It’s becoming more and more imperative for businesses of all sizes to migrate to the cloud—particularly small businesses. Once reserved for enterprise-level customers, business cloud technologies have come down significantly in recent years. Its paved the way for new opportunities for growing businesses seeking to take their operations digital.
But migration to a business cloud isn’t a simple 1:1 transfer of data. It requires extreme forethought to everything from building an application stack to installing cybersecurity best practices. Above all, it requires decisive leadership familiar with business cloud migration. If they don’t have one already, SMBs need to weigh the merits of bringing on an interim Chief Information Officer (CIO) to shepherd the digital adoption.
Laying the foundation of migration
Cloud migration is rarely a linear process. Different stages of operations will go digital at different rates, prompting minor disruptions to different business segments. It takes tune-in leadership to identify where and when these disruptions are likely to occur, and to prevent them wherever possible. Attentive CIO leadership will finesse the migration to a business cloud and minimize disruptions to the business.
Hiring an interim CIO with cloud experience serves as an investment in certainty. These individuals know what a working cloud looks like and understand the nuances of how to establish one. They’ll spearhead the migration plan in a way that connects where the business’ digital infrastructure is today, to where it needs to be in the cloud. This leads to everything from better delegation of tasks to improved budgeting and timeline estimation for when and how the migration will occur.
Building the tech stack
The essence of a functioning business cloud is its tech stack—from administration and network monitoring software, to the individual programs used across business units. It goes beyond finding a good project management platform. Instead, the tech stack needs to unite the business and its operations on a digital playing field.
CIOs need to be thorough and fearless in their pursuit of new technologies. The cloud is a big undertaking and needs the right integrations, interfaces and platforms to ensure it remains accessible and reliable. Leaders should field exploratory demos and trials with new software before proposing cloud-based solutions, and have clear costing and ROI models for each recommendation.
Even direct ports come with snags—such as the conversion from legacy QuickBooks to QuickBooks Online or the transition from Microsoft Office to Microsoft 365. These transitions feature familiar interfaces for employees, but demand a well-architected series of integrations to ensure they work as-intended for the business. A tuned-in CIO is instrumental in mitigating any confusion that may follow in the shift to cloud interfacing.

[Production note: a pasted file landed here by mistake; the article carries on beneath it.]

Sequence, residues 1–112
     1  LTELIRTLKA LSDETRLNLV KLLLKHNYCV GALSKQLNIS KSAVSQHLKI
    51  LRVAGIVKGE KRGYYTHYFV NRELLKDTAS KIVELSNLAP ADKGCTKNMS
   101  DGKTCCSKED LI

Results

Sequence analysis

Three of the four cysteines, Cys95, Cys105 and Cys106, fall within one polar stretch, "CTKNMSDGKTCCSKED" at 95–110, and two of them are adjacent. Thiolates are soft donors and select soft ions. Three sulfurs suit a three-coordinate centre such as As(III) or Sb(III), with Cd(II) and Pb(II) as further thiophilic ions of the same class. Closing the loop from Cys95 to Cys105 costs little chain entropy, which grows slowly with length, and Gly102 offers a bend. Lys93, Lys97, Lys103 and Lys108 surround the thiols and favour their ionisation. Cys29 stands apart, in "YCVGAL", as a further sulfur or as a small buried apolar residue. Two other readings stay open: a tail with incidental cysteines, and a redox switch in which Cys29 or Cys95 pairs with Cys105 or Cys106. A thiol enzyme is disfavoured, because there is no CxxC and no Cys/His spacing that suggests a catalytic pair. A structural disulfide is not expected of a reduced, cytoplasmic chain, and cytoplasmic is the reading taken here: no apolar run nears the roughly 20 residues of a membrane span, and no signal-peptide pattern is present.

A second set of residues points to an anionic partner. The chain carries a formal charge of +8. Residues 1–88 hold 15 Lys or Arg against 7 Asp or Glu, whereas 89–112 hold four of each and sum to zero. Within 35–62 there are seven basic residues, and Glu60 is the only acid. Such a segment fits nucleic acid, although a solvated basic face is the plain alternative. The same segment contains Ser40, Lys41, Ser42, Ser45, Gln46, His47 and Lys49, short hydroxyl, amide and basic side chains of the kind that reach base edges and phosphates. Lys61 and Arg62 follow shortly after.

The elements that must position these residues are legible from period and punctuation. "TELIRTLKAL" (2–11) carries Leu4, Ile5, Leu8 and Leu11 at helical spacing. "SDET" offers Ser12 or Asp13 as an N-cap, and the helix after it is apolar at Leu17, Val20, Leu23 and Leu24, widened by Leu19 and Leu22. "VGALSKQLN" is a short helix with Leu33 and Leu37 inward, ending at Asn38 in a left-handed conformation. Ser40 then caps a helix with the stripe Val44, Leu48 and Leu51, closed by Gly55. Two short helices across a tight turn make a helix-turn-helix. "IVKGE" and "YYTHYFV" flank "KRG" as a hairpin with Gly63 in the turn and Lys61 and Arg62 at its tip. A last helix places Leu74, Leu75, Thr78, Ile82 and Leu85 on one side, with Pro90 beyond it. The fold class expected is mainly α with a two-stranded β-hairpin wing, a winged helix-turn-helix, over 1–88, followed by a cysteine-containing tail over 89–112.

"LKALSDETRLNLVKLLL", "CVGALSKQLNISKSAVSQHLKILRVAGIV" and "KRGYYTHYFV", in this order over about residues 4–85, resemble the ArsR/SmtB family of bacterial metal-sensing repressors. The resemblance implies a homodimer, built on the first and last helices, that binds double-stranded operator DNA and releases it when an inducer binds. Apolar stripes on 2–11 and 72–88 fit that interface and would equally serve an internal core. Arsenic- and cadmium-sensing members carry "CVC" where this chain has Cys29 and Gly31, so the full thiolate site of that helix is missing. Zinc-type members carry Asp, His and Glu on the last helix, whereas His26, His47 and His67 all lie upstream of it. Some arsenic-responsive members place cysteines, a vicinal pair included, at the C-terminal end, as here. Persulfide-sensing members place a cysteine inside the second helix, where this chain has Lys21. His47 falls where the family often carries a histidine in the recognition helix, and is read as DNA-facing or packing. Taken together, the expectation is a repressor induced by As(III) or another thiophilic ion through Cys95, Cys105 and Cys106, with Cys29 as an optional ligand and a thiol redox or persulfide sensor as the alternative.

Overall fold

Establishing cybersecurity fundamentals
With a migration to the cloud comes a world of new cybersecurity considerations. The most important role of an interim CIO is to install the cybersecurity solutions that accompany the cloud and to promote a culture of security-first among employees and business leaders.
Businesses need to ensure that all pieces of software within the cloud stack are secure in and of themselves. That means tiered usership, secure passwords and encryption for any data traveling outside the network. From there, it’s vital to secure all integrations and connections to prevent man-in-the-middle attacks. CIOs also need to ensure cybersecurity best practices for all off-site and remote log-in activity.
Securing the software only works if there are specific policies to ensure compliance among employees. Even if they’re familiar with the cloud and potential threats, every employee needs an education on personal accountability. CIOs should write policies for things like password changes, phishing avoidance and user best practices. Teaching employees to be good digital stewards is imperative for the success of the cloud.
Digital change demands experienced leadership
Small businesses can’t afford not to invest in the cloud. More important, they absolutely can’t afford a botched cloud migration that leaves operations split between traditional and digital means. While the hiring of an interim CIO may come at a cost, the benefits this individual brings to a small business cloud migration are invaluable.
The beauty of a cloud migration is twofold. First, it’s a one-time move that’s looking more and more inevitable for growing businesses. Doing it right and establishing a robust cloud instantly gives SMBs the competitive benefits inherent to the cloud. Second, the cloud is scalable. As the business reaps the benefits of its cloud migration, it’ll encounter few barriers to growth. It’s almost certain that, pending a seamless migration, an interim CIO will become a permanent one as the business leans more and more heavily on tech to grow.